Most parents and prospective students see a college degree and what it provides in a utilitarian, competitive, hierarchical way. It is an on-ramp into the labor market. 

The better the degree, the better the job, and thus the higher up someone can go in society’s hierarchy. You’ve won the game of life. A black student getting a slot at a prestigious school has therefore “won” without merit. 


Just because Edward Blum and Students for Fair Admissions are framing their case around the discrimination of Asians does not mean the ultimate goal is to remove racial preferences that would address white supremacy in this country.


But universities are not degree factories, nor should they be. 

Universities attempt to nurture a learning environment in which students grow into productive citizens. Universities do this in part by cultivating a diverse group of people who can share experiences in and out of the classroom. 

As a professor, I’ve seen the benefits of this. Classroom conversations about many issues benefit from different perspectives. Conservatives should know this given how much they lament the lack of ideological diversity on campus.  

Affirmative action has withstood legal challenges because the Supreme Court has agreed with this mission. It saw racial preferences as a way of achieving it. 

When someone argues against affirmative action, it may be worthwhile to ask if they care about diversity, as ending racial preferences will lower it on campus. 

Would you prefer class-based preferences?
Some genuinely are concerned about racial preferences compromising our meritocracy. But most people do not consider how compromised it already is. 

In an earlier piece, I quoted a passage from Michael Sandel’s 2020 book Tyranny of Merit about the stranglehold wealthy families have on elite institutions: 

  • “More than 70 percent of those who attend the hundred or so most competitive colleges in the United States come from the top quarter of the income scale; only 3 percent come from the bottom quarter.”  
  • “At the most prestigious schools, “there are more students from the wealthiest 1 percent of families than from the entire bottom half of the country.” 
  • “If you come from a rich family (top 1 percent), your chances of attending an Ivy League school are 77 times greater than if you come from a poor family (bottom 20 percent).”

A lot of the resentment is misplaced.  


There is a standard set of pro-con arguments one hears around affirmative action. The pros? Helping historically disadvantaged groups and increasing diversity on campus are the main ones. The cons? It discriminates by race, and it hurts the groups they are meant to help by instilling inferiority. They had to be “helped.” 


That working-class kid who scores 1100 on the SATs – an excellent score – but did not get into Georgetown may want to blame the Hispanic kid who got in with a score of 1050. But in reality, it is the children of wealthy families who have taken up the majority of slots with their 1200+ scores, leaving the working-class kid and Hispanic kid fighting over the remainder. 

The LBJ quote above, about starting lines and fairness, is apropos here. 

When it comes to getting into elite institutions – the ones using racial preferences – they are only a little more likely to get in as black people were in the 1960s. 

The narrative should be shifted away from attempting to remove preferences, and towards making preferences more nuanced. Let’s do class and race. Let’s do class and race and school district. If you argue away racial preferences, you are building the justification for rejecting any preference. Given wealth disparities, not using preferences (class, race, or whatever) entrenches oligarchy – rule by the wealthy.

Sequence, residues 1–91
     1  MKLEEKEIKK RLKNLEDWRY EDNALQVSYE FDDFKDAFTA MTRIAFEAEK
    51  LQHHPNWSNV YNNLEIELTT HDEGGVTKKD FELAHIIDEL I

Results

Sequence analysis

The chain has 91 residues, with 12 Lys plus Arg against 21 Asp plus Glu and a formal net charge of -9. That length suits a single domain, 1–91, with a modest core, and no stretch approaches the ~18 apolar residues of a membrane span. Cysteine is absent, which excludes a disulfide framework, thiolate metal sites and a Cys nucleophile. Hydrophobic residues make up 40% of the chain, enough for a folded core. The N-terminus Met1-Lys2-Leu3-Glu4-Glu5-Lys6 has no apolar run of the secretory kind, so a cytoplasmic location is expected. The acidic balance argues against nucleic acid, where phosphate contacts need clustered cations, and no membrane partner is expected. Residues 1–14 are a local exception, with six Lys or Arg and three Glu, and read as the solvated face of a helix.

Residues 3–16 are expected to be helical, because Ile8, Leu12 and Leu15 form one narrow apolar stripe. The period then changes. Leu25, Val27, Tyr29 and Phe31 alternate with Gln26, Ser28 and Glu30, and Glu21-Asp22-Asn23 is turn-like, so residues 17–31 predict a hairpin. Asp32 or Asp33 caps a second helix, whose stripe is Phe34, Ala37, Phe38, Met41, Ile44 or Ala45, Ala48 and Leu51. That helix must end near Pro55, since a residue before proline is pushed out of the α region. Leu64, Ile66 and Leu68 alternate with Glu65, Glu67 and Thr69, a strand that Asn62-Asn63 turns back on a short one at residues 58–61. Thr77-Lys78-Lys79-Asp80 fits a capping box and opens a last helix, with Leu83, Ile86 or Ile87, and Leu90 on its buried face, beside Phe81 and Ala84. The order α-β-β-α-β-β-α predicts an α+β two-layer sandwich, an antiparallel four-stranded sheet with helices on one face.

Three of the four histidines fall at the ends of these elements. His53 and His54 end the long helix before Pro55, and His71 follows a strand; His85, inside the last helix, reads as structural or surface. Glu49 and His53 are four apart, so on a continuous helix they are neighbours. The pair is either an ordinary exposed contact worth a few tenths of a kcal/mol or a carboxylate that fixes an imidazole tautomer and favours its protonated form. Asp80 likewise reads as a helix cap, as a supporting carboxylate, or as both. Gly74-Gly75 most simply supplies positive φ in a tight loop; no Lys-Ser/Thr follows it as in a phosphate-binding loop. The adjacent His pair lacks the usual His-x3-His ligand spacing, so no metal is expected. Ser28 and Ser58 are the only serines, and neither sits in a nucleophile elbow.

Why the hyperfocus on racial preferences?
While many people object to racial preferences because it is not meritocratic, I suspect a larger group resents racial preferences for other reasons. Consider:

  • The majority of colleges admit most of their applicants. Only a small number of elite universities are in the position to reject.  
  • Even in cases where a white applicant has been rejected, it is the difference between going to college 1A as opposed to college 1.
  • Positive discrimination occurs on college campuses. It happens in the form of “legacy admissions,” in-state student preferences, preferences for veterans, children of state employees and so on. In raw numbers, any of these likely dwarfs the number of Black and brown students whose race mattered in their admissions. And yet this does not seem to bother people. 

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What gives? Why all the wailing and gnashing of teeth?

Many white Americans cannot stand a situation in which they are not centered.

Especially if that decentering is for the benefit of black people. 

It is very hard to understand the energy invested in and angst surrounding racial preferences without placing it within the context of white supremacy.

Make no mistake. This is about white supremacy. SFFA, the organization suing Harvard and the University of North Carolina, purports to advocate for Asian Americans. However, this organization is backed with conservative funds and is headed by Edward Blum. 

Blum is the founder of the Project on Fair Representation, whose stated purpose is to “challenge[s] racial and ethnic classifications and preferences in state and federal courts.”  Back in 2013, he worked to overturn provisions of the Voting Rights Act. 

So just because SFFA is framing their case around the discrimination of Asians does not mean the ultimate goal is to remove racial preferences that would address white supremacy in this country. 

It always seems to boil down to white supremacy these days. 


Rod Graham is the Editorial Board's neighborhood sociologist. A professor at Virginia's Old Dominion University, he researches and teaches courses in the areas of cyber-crime and racial inequality. His work can be found at roderickgraham.com. Follow him @roderickgraham.